Your market overview - June edition

Cathy Duval |

Market overview


  • The observed uptick in global economic activity is consistent with our view that world GDP growth will pick up to 3.3% this year. Both advanced and emerging economies are seeing stronger growth, although that’s in part due to fiscal and monetary policy stimulus. With tighter policy in the cards for next year, it’s unclear if momentum can extend to 2018, more so considering risks such as trade protectionism, elevated debt levels and the impacts of Brexit.
  • The U.S. economy is bouncing back nicely after a rough start to the year. Encouraged by solid employment and the apparent resurgence of industrial output and consumer spending, the Fed will likely raise interest rates again in June. That’s not to say all is rosy. We’re leaving unchanged our forecasts for U.S. growth for now, but acknowledge the possibility that a scandal-hit Trump administration may be unable to deliver the fiscal stimulus it promised.
  • The better than expected handoff from last year (after upward revisions to Q4) and from Q1 (March’s unexpected output surge) prompted us to raise by two ticks our 2017 growth forecast for Canada to 2.4%. We have also raised our call for next year’s growth to 2%, expecting better business investment and government expenditures, the latter boosted by federal infrastructure money and fiscal stimulus from provincial governments ahead of elections in Quebec and Ontario.



  • The Canadian stock market continues to lag. Declining oil prices, the NAFTA renegotiations, the setbacks of Home Capital Group and Moody's credit rating on Canadian banks all contributed to plunge the S&P/TSX. While we estimate that much bad news is expected at current levels, we advise not to rush on Canadian stocks at this time.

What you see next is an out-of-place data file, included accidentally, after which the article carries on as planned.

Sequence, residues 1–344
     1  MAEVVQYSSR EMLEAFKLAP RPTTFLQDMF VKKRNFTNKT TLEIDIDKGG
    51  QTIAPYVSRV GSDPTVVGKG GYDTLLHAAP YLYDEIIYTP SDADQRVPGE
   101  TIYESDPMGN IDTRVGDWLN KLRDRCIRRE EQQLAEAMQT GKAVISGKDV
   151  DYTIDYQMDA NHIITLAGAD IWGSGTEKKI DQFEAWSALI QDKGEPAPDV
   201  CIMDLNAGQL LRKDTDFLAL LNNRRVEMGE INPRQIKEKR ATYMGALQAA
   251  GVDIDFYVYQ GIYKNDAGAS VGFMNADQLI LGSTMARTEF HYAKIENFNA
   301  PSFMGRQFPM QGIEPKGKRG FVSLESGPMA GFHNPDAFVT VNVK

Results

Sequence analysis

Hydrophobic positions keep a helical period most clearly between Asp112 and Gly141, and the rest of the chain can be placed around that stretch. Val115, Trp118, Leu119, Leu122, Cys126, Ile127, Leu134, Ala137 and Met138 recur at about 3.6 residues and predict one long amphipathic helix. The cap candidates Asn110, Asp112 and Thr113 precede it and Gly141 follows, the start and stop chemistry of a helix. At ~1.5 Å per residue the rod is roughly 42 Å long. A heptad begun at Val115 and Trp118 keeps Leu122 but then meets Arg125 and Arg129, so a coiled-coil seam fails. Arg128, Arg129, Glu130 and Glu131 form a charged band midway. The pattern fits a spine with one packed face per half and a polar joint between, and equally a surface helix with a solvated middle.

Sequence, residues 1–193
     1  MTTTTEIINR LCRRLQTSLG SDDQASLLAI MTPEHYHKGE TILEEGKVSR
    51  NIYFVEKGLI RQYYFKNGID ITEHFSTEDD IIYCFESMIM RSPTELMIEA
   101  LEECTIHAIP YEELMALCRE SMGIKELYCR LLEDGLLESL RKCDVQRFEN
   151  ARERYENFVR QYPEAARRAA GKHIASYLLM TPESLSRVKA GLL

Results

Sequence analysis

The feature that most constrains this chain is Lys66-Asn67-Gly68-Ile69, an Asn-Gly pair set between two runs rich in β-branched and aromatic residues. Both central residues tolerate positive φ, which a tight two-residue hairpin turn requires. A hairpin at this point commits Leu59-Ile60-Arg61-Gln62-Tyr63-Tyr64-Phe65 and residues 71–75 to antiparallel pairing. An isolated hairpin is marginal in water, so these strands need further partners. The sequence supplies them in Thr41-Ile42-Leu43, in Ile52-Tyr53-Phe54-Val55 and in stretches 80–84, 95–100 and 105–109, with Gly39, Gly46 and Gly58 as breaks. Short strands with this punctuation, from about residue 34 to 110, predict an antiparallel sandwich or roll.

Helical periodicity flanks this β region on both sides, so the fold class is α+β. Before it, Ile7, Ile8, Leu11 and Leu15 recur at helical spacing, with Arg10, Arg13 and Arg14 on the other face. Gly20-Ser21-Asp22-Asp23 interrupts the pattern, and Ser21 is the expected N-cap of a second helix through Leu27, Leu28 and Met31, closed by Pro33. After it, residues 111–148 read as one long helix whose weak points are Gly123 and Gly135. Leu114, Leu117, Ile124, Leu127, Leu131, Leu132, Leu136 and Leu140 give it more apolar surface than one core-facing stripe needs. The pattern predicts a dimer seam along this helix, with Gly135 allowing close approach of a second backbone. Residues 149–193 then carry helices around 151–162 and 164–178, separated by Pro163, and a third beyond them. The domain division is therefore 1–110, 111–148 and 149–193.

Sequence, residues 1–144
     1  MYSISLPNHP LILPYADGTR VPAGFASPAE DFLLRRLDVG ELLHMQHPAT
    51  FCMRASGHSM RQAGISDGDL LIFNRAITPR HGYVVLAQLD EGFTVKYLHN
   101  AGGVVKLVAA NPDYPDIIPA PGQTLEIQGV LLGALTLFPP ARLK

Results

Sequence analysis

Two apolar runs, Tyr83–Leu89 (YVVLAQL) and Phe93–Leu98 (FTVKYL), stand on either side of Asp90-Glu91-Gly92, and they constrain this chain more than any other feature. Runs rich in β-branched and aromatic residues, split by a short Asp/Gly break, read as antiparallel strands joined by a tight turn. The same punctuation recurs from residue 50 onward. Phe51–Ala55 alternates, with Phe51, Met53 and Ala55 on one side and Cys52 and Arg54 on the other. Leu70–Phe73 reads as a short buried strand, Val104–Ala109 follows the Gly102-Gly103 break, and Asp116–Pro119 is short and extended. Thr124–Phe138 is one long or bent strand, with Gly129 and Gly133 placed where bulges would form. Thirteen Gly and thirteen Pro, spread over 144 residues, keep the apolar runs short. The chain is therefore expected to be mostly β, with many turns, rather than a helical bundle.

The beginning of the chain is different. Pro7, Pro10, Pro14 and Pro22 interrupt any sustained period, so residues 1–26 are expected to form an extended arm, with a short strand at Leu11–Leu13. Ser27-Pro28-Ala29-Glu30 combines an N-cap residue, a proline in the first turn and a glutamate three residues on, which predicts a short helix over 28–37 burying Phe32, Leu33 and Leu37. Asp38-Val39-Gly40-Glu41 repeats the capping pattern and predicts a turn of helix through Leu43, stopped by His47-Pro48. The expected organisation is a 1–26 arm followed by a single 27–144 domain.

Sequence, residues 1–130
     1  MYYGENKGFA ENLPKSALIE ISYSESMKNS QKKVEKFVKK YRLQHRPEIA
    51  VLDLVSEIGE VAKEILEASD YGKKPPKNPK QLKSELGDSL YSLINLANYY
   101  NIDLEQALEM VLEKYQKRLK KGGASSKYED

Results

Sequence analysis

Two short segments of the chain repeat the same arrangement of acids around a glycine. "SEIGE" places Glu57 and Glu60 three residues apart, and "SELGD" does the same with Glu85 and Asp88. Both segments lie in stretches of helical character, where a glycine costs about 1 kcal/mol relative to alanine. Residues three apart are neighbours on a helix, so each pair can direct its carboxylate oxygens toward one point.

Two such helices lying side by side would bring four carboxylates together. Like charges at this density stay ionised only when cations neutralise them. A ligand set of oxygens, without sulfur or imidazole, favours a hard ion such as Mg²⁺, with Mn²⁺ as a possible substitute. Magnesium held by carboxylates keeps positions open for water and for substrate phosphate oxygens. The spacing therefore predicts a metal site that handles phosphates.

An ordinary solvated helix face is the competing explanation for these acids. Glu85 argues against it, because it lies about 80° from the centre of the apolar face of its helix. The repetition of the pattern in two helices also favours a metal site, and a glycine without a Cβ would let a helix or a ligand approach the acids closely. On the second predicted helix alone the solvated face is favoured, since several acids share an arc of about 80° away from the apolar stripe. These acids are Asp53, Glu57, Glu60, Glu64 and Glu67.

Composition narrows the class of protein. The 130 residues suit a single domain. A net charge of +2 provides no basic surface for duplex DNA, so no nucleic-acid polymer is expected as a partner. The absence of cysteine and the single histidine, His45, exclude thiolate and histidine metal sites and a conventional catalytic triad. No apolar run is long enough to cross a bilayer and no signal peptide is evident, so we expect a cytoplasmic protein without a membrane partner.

• The 5% drop in oil prices after OPEC members announced an extension of their deal on a nine-month cut last week may sound strange, but we must remember that crude oil follows the same anticipation game than other financial assets. Extension of the term was widely anticipated, but some hoped for more cuts or a restriction on the activities of Libya or Nigeria. Saudi Arabia said that the extension should rebalance the market by itself by the end of the year, which essentially implies that they did not see the need for additional measures.



United States

  • The S&P 500 rose to a new all-time high in May, propelled by IT, Utilities, Consumer Staples and Industrials. At this juncture, the outlook for economic growth and profits remains encouraging. 
  • The U.S. leading economic indicator has been trending up in recent months, suggesting a 2%-plus growth rate in the second half of 2017. Consumption will be buoyed by the addition of more than 1.7 million full-time jobs in the first four months of the year, the best employment growth in more than 20 years.
  • The bad news concerning Mr. Trump's pressures with the FBI investigation pushed the S&P 500 down, but the shortfall was quickly closed in six days, allowing the index to generate 1.4% for the month.
  • The ‘’Trump Trade’’ continues to slowly she, and small-cap stocks have again underperfomed their larger counterparts.